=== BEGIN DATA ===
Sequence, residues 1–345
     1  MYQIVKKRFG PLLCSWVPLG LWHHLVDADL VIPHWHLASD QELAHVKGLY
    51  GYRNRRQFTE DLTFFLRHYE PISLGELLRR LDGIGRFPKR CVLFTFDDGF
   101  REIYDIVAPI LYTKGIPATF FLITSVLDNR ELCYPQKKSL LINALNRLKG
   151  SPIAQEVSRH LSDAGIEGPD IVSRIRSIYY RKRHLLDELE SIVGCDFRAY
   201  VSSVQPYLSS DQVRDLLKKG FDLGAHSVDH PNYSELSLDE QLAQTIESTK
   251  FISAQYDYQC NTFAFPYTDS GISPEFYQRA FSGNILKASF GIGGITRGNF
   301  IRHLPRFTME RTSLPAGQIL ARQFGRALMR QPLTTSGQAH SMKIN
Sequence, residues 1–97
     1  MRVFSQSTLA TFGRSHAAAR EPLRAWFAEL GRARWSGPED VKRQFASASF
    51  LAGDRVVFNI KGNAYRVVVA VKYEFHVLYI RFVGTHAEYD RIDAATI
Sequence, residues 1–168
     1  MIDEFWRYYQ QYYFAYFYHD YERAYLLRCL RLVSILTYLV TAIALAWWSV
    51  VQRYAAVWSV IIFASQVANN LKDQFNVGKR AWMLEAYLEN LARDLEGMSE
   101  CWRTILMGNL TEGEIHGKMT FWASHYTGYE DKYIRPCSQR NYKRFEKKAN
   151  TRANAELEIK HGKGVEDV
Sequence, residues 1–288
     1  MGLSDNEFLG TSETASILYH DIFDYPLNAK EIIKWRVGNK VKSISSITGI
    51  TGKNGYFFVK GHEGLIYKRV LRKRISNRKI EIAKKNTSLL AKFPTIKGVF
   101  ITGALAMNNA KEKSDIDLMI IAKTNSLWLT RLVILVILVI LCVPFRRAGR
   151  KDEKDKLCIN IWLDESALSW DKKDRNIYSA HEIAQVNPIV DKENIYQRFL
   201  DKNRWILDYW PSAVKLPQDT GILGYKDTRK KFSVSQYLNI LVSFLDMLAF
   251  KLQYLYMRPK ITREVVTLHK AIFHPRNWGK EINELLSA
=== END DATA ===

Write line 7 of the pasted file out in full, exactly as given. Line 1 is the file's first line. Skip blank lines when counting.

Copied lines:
   251  FISAQYDYQC NTFAFPYTDS GISPEFYQRA FSGNILKASF GIGGITRGNF